We won’t insist on the importance of formalising your controller-processor obligations in this article, since we have covered that topic before. However – if your client says that a data processing agreement isn’t applicable or isn’t necessary when you are clearly in a controller-processor relationship, that is the first red-flag that your client is not GDPR-ready!

As contractors are rather up against it at the moment ('IR35,' anyone?), here’s three quick and easy but tactful questions for contractors to ask, if their end-users’ GDPR and data protection practices look lax.

1. ‘Can you tell me your journey?’

(or in writing -- ‘GDPR COMPLIANCE OVERVIEW’)

Any organisation with a credible GDPR compliance program should be able to share their GDPR journey with you – the data processor, or sub-processor.

This should include being able to supply you with:

  • Information about the steps that they have taken towards GDPR-readiness.
  • Whether or not they have appointed a Data Protection Officer (and if not, the justifications as to why not).
  • Copies of their GPDR-compliant privacy policies.
  • Evidence that any personal data you are processing as part of your contracting activities has been obtained and is being processed lawfully.

If you really want to spare their blushes, a good initial way of assessing your client’s GDPR compliance overview (if you don’t want to outrightly ask for it), could be by checking the client’s website. So online, you should look out for:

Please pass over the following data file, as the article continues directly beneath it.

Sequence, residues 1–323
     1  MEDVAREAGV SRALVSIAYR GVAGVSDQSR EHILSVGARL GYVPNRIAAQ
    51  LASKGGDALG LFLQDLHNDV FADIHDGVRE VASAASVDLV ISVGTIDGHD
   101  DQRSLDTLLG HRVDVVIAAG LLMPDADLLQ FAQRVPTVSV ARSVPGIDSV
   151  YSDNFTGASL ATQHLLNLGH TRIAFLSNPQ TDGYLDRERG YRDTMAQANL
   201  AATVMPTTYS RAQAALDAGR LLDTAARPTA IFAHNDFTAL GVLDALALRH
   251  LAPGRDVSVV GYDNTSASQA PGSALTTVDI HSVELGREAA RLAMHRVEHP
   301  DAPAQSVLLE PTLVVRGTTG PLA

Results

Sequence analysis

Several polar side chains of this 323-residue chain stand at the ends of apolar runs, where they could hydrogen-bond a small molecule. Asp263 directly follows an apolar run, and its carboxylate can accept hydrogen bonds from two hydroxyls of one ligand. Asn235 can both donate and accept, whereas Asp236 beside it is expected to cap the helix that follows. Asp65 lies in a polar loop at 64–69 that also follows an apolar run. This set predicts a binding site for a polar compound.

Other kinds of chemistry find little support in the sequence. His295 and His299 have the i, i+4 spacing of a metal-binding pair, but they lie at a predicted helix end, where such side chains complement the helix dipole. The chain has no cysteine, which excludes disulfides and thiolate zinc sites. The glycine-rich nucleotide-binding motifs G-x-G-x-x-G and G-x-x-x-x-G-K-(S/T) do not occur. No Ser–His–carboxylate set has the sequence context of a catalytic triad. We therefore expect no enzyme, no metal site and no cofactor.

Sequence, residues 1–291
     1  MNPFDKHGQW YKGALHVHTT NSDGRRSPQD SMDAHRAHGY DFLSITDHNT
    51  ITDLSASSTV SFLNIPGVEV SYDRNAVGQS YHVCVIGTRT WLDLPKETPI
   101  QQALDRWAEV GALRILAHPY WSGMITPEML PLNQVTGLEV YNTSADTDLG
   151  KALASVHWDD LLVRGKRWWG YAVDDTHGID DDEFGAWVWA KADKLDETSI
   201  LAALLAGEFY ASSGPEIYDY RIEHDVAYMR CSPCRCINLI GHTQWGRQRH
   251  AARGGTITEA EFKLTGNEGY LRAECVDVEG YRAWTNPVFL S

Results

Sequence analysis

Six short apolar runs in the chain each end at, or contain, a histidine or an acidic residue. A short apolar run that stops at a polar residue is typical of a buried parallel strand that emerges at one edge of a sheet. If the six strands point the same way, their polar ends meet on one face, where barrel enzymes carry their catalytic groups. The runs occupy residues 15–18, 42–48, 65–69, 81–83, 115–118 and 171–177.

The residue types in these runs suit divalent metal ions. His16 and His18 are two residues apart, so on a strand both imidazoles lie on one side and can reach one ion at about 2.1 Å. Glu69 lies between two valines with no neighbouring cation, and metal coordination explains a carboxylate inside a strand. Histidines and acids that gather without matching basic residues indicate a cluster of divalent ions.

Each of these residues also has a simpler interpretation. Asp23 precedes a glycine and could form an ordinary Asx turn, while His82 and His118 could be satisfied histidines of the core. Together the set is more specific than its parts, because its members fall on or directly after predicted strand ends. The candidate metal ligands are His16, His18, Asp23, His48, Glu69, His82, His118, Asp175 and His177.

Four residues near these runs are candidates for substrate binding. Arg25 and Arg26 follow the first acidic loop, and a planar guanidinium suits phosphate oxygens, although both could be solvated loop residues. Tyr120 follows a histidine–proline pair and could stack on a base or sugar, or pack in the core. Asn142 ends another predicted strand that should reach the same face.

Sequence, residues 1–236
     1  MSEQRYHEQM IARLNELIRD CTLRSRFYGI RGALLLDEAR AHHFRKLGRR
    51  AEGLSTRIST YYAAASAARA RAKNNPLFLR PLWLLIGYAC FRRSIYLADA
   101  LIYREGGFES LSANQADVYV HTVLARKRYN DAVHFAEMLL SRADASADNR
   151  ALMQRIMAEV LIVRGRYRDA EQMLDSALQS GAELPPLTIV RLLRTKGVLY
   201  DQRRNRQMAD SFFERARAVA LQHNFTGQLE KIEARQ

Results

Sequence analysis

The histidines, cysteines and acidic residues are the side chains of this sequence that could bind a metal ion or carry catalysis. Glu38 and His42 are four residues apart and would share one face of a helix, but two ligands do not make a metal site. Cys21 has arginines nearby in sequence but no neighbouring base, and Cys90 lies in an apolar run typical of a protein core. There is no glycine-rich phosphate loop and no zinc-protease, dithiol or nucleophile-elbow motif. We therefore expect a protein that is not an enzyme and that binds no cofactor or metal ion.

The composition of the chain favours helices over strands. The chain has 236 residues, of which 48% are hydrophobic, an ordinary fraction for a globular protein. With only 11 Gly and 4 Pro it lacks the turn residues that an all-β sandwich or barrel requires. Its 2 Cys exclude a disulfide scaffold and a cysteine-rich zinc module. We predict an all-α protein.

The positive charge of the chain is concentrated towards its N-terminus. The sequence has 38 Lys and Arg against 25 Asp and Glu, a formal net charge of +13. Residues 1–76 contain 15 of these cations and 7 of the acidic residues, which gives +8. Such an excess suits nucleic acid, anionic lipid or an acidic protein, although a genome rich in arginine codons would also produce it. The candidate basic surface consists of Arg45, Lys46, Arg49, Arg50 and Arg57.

• Appropriate cookies wording
  • Consent tick-boxes where appropriate.
  • Hyperlinks to their GDPR-compliant privacy policies.

If this information is missing from your client’s website and/or is not readily available when requested from your client-contact, be warned that it is possible this client’s GDPR practices are wanting.

2. ‘Are we staying safe on our more exotic transfers?’


The GDPR states that any processing of personal data carried on outside of the European Economic Area (EEA) in respect of EU data subjects is not permitted unless it is subject to certain safeguards (see Chapter V of the GDPR). These safeguards include transfers being carried out on the basis of:

  • An adequacy decision i.e. when the European Commission rules that a non-EEA country offers the same level of data protection as an EU Member State – (NB so far, adequacy decisions exist for transfers of personal data to Andorra, Argentina, Canada [commercial organisations only], Faroe Islands, Guernsey, Israel, Isle of Man, Jersey, New Zealand, Switzerland, Uruguay and the US [if subject to the Privacy Shield, see below].
  • Binding corporate rules (BCRs).
  • Standard contractual clauses adopted by the Commission (or when available, by a supervisory authority such as the ICO).
  • An approved code of conduct or certification mechanism (when available).
  • And for EU-US transfers, Privacy Shield Certification.